Paper is usually made for writing, drawing, or sometimes origami. But over time, paper has become so much more than for writing and art. Recently, engineers from Purdue University have developed a printing process that turns an ordinary piece of paper into a self-powered, Bluetooth-connected, interactive, wireless keyboard.

From Paper to Keyboard

The engineers created a unique printing process that renders any paper or cardboard into a keyboard that is oil, dust, and water-repellant coated in highly fluorinated molecules. According to the university's press release, this omniphobic solution prints multiple layers of circuits on the paper without smearing the ink.

Moreover, these "triboelectric" areas of the keyboard generate electricity when friction is present. That means every time a key is pressed, energy is also produced. In that sense, the paper-based keyboard becomes a self-powered tablet.

According to a preprint study published in the scientific journal Nano Energy, the triboelectric areas are used to relay Bluetooth wireless communication just as ordinary keyboards relay letters or numbers to a computer.

One of the authors, Ramses Martinez, said that the printed device could operate without using a battery. This is the first self-powered, paper-based device created.

The novel technology is inexpensive to use as it can be applied to an ordinary paper or cardboard or any-paper-based surface. The engineers hope that this innovation can be used in many different industries in the future.

In a press release, Martinez envisions this new technology to facilitate user interaction with food packaging so that consumers would be able to verify if it is safe to consume. Another use may enable users to sign a package when it arrives by dragging their finger on the box to identify themselves as the owner.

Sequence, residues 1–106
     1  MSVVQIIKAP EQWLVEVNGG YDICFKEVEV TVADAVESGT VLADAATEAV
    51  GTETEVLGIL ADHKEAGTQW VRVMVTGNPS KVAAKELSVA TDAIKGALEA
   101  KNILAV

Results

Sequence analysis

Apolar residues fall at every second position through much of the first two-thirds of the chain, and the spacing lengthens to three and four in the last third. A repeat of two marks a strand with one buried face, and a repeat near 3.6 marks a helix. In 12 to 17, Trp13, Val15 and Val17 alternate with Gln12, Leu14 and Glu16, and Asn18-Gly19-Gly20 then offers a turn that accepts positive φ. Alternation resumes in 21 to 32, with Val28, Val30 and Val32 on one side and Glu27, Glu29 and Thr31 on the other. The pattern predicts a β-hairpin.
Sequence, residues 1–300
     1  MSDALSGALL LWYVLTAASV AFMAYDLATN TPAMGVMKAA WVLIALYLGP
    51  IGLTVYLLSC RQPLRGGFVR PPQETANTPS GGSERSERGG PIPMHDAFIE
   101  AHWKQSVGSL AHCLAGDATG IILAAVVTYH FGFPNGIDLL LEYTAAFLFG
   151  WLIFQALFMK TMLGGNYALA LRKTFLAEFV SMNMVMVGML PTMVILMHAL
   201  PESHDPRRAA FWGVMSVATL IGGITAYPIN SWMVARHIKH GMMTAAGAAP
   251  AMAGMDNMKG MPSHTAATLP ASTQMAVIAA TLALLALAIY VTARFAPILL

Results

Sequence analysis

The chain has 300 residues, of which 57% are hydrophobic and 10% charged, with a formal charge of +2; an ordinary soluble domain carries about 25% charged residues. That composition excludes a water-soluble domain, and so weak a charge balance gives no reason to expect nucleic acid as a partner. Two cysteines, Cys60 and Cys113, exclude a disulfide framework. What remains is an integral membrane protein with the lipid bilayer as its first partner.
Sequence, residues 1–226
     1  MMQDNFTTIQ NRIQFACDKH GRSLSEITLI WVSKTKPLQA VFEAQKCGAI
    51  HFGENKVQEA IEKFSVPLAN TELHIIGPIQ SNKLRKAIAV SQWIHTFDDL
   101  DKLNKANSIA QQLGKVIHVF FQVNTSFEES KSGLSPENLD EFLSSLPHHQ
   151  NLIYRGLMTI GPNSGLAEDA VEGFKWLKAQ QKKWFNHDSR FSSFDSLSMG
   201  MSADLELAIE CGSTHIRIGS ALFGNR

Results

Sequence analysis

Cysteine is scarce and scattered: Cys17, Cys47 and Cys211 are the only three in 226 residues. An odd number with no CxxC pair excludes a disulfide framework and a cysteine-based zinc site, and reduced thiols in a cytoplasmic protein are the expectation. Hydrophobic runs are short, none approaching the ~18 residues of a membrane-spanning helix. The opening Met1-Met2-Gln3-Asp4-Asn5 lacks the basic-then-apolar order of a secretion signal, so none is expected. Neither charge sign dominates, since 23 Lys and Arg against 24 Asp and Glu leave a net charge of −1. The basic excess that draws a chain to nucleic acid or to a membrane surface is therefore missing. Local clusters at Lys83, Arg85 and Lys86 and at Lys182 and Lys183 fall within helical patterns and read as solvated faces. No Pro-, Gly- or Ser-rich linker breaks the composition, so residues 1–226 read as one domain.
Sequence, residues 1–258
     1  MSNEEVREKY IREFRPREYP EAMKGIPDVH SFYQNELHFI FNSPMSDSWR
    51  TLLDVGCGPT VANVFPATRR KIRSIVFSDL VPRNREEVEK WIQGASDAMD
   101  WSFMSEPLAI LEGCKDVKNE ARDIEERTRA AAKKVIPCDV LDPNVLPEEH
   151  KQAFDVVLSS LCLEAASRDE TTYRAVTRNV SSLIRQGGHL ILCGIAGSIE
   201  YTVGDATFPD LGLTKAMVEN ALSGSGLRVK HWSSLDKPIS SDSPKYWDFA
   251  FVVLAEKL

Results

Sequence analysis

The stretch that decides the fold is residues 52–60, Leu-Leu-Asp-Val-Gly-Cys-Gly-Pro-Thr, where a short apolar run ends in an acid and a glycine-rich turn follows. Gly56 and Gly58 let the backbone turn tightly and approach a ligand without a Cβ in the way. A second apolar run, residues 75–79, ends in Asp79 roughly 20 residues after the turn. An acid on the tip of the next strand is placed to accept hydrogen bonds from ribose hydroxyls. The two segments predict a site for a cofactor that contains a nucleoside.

READ: New Technology Allows Scientists to Reproduce Famous Painting Using Light

Playing music from the paper

Aside from letters and numbers, the engineers have also demonstrated that the paper-based keyboard can be transformed into a music player in which users can use to choose and play their song choice and change the volume, Martinez says.

In one of the three video demonstrations they released, the team showed that they printed triboelectric generators of a forward, back, mute, and volume bar on the back of a paper. A person controls the audio by dragging the volume bar with his finger, as well as pressing the forward and back buttons on the paper to skip or go to back to music.

But this is not the first time that paper is used in electronics. Earlier this year, researchers from the University of Missouri created a paper-and-pencil medical wearable that monitors heart rate, glucose levels, respiratory rate, body temperature, and sweat.

Nonetheless, Purdue's new innovation eliminates the need for an external power source and makes smart packaging closer to reality. It would probably be a while now that people can print their own Bluetooth paper-based keyboard.

READ MORE: Nanotechnology Turns House Bricks Into Batteries Paving Way to Becoming Literal Powerhouses in the Future

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